Bench's happiest homer; Longwood tennis riding high

Cincinnati's Johnny Bench called it his greatest thrill in baseball, better than being selected the National League MVP on two occasions or the World Series MVP in 1976, even better than winning 10 consecutive Gold Gloves. What brought Bench to this pinnacle of exhilaration was the home run that moved him ahead of Yogi Berra as baseball's most prolific home run-hitting catcher. the blast, his 314th while playing behind the plate, came in Riverfront Stadium with his mother looking on.

"To become a home run king is all I ever wanted to do," Bench explained last season after his 325th career homer made him the Red's top all-time slugger. Durability has certainly been an ally in his quest. This season he could tie Bill Dickey's record of catching in at least 100 games for 13 consecutive years.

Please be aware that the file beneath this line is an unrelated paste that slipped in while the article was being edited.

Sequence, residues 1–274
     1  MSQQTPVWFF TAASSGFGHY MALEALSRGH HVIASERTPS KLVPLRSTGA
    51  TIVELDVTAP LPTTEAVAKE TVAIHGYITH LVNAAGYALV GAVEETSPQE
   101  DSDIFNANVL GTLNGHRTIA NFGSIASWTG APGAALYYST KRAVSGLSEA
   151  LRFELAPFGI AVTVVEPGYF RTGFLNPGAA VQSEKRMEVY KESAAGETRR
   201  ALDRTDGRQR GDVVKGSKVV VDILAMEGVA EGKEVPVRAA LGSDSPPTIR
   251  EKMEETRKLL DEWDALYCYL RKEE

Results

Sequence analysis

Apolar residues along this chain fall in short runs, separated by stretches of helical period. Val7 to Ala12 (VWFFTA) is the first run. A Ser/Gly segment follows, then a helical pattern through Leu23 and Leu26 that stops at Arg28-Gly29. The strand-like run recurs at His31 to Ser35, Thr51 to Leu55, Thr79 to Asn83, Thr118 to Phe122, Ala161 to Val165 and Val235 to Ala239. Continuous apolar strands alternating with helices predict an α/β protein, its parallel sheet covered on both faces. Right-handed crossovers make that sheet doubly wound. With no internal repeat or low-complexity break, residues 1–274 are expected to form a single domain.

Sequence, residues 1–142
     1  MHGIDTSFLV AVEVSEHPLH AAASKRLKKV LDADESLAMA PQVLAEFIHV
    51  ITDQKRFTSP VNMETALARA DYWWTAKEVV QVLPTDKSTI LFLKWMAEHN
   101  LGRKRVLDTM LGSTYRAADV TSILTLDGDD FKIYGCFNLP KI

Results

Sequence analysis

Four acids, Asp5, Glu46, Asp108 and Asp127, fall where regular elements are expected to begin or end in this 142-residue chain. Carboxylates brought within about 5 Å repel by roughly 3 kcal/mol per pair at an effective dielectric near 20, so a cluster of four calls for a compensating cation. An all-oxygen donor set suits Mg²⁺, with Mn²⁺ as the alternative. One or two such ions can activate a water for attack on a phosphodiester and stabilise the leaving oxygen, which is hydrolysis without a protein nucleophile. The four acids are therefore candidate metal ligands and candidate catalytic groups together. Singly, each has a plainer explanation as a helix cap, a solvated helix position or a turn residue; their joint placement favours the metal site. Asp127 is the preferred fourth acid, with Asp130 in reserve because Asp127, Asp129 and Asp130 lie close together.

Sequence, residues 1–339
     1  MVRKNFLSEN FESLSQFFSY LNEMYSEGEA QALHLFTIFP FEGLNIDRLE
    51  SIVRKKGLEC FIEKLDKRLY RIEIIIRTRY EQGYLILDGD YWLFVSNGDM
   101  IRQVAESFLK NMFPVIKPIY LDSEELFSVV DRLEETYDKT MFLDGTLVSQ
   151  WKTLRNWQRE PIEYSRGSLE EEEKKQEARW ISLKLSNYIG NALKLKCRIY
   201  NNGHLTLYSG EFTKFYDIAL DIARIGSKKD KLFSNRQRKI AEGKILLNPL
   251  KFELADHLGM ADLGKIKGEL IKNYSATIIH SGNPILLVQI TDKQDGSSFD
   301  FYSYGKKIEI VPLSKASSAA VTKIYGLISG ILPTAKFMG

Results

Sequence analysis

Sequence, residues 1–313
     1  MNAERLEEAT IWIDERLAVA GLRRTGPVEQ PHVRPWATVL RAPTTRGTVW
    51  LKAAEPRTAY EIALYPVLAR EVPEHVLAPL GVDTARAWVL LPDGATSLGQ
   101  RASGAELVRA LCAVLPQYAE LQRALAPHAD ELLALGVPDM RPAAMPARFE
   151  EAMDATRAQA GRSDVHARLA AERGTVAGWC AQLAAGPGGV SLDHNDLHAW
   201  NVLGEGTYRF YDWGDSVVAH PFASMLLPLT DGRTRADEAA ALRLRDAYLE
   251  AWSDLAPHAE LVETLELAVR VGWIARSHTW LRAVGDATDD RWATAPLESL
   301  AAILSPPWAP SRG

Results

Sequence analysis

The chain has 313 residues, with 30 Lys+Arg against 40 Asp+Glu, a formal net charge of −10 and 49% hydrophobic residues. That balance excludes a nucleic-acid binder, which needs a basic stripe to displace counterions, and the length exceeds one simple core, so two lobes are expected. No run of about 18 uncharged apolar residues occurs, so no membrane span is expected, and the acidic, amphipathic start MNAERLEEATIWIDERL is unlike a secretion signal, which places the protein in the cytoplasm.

The hardest part in cracking a home run milestone, one might assume, would be hitting the homer that puts a player over the top. Recent history, however, does not bear out this hunch. Bench got No. 314 just three days after belting No. 313. Hank Aaron tied Babe Ruth's career mark of 714 home runs on Opening Day 1974, then broke it with No. 715 in the season's fourth game. And when Roger Maris surpassed the Babe with 61 homers during the 1961 season, he clouted No. 60 in the Yankees' 159th game, followed by No. 61 in the club's 163rd and final game. Angels stuck in reverse

When the California Angels arrived in the land of milk and honey last year, they presumably were ready to take up long-term residency. But as it looks now, Gene Autry's club was only passing through. For after winning their first division title a year ago, the Angels presently find themselves in the American League West cellar with baseball's worst winning percentage (.376). Injuries and poor pitching account for the flip-flop, which could make California the first team since divisional play started in 1969 to go from first to last in one year.

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